Students did have prior knowledge of these roles from class work, but they were clearly not embedded. I tracked all sessions on a Harkness Discussion template. Initially, most of the sessions were dominated by four students; the other two students were largely silent.
At the start of the fifth session, I introduced the roles, and invited students to answer a questionnaire on which roles they would find easier to adopt, and those which they would not. All students said that they would find the role of Builder easier, and would try to avoid Prober, Challenger Clarifier and Summariser. Instigator was seen as a role which would be allocated by the teacher.
For the remaining sessions, I allocated roles to students on a two session cycle. I specifically allocated roles which the students had said they would wish to avoid.
I used three methods to record students’ progress during the project:
- I filmed a Harkness Discussion where the students had prior knowledge of the question but no allocation of roles.
- Students completed a Discussion Roles questionnaire at the beginning and end of the project.
- I recorded sessions on Harkness Discussion templates
- I recorded student voice at the end of the project.
The impact was immediate. Once students understood that they had a role, the balance of discussions was transformed. All students contributed with an increased sense of purpose; some students started to take notes so that they could challenge more effectively (they had experience of this from Debate lessons). There was also an increased use of PEEL, which meant that students were giving extended answers to a key question on a text, e.g. Regardless of what might await them, is it always right to send refugees back to their home country? The Unforgotten Coat, Frank Cottrell Boyce. Students were beginning to include evidence and explanation for their point, and began to make links back to their own, and other’s points. This in turn allowed opportunities for probing, clarifying and summarising. Students were more animated and the body language changed: students were leaning into the group and gesturing animatedly to reinforce their views.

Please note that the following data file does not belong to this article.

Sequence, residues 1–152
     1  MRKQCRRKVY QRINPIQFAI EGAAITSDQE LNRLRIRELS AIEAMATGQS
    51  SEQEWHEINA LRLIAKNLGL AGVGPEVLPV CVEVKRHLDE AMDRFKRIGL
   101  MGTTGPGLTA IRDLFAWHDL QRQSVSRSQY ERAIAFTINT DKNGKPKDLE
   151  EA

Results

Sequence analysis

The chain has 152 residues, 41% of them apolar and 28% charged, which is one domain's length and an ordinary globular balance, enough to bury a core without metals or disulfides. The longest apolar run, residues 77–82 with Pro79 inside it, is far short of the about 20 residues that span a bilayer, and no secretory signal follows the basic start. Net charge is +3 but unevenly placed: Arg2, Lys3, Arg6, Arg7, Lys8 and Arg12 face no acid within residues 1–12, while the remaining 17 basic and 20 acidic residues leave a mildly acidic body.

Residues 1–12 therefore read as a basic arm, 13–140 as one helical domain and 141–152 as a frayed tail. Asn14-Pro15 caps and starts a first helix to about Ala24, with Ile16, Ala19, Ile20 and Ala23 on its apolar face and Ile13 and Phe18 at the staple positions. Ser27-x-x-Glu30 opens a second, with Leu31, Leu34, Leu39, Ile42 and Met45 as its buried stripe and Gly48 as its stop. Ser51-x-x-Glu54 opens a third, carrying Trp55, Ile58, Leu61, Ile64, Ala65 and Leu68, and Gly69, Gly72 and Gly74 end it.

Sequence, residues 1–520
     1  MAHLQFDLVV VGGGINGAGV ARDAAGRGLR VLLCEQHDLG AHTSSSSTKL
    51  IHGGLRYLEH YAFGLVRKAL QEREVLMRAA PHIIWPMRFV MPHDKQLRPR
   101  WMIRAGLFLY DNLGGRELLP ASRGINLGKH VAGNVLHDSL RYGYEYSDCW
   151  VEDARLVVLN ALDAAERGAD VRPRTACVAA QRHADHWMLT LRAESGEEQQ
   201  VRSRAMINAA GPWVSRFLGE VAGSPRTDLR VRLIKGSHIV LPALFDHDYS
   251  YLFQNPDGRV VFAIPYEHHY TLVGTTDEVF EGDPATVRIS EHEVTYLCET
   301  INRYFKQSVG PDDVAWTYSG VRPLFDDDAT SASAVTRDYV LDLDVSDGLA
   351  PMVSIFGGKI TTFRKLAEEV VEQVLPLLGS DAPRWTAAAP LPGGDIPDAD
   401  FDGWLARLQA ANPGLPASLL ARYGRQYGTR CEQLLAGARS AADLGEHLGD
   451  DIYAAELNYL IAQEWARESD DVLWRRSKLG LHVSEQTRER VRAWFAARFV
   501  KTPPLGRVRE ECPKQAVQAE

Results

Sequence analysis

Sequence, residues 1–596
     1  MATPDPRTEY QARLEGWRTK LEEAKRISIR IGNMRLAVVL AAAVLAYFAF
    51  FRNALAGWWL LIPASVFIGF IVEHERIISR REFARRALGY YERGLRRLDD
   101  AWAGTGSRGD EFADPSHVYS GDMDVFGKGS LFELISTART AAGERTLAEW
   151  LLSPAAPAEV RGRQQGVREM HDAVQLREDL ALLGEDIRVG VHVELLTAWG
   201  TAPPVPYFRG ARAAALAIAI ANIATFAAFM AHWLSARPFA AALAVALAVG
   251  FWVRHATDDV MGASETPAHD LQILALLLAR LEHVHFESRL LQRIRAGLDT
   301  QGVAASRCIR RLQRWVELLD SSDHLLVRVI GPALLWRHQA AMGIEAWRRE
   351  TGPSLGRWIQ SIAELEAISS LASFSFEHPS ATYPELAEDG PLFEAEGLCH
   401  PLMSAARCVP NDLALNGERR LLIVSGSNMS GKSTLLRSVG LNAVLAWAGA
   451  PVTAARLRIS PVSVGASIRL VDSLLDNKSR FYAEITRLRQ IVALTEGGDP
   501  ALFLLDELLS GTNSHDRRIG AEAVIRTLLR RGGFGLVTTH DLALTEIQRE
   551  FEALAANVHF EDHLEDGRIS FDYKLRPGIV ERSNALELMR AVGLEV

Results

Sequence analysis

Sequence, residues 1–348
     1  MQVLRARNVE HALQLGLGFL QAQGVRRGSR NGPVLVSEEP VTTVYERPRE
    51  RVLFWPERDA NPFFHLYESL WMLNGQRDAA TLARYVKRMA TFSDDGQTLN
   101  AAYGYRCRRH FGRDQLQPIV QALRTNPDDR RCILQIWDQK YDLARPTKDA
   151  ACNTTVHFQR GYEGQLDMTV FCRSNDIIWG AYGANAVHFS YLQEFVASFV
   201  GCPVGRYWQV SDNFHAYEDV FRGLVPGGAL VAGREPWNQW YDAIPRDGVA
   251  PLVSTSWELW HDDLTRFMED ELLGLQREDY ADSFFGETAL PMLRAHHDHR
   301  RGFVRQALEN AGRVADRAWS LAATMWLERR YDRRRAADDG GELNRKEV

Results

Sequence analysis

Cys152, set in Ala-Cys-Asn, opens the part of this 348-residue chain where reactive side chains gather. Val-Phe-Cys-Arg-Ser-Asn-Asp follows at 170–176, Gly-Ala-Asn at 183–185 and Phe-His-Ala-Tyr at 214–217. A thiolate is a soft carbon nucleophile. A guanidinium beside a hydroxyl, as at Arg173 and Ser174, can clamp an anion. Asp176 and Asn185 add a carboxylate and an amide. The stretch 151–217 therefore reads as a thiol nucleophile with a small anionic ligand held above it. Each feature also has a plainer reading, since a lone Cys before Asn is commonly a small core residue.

Their student voice in the last session was particularly interesting to hear. Some of their comments were as follows:
- ‘I used PEEL naturally, without noticing it. I didn’t have to try and remember.’ (Student A)
- ‘I used to just be a Builder, now I know I can be a Prober and ask better questions.’ (Student C)
- ‘PEEL has helped me to make a point with evidence and now I can explain what I mean.’ (Student B)
- ‘Roles helped me to talk because I felt I could speak and I didn’t want to keep it to myself.’ (Student F)
- ‘I am not sure if it helped me. I am not that social, I tend to try being social.’ (Student D*)
- ‘I try to talk in conversation. I have the feeling to not talk. I felt I wanted to talk when I had a role.’ (Student E)